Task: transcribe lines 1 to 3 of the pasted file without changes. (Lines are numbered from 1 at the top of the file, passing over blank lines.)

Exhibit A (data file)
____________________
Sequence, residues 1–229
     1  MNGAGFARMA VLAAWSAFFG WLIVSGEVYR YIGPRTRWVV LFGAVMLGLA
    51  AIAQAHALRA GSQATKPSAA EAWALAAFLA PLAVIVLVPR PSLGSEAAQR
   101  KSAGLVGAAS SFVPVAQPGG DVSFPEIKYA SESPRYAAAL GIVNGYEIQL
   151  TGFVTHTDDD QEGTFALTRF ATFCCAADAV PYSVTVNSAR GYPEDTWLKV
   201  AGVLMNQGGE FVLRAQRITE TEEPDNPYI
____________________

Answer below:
Sequence, residues 1–229
     1  MNGAGFARMA VLAAWSAFFG WLIVSGEVYR YIGPRTRWVV LFGAVMLGLA
    51  AIAQAHALRA GSQATKPSAA EAWALAAFLA PLAVIVLVPR PSLGSEAAQR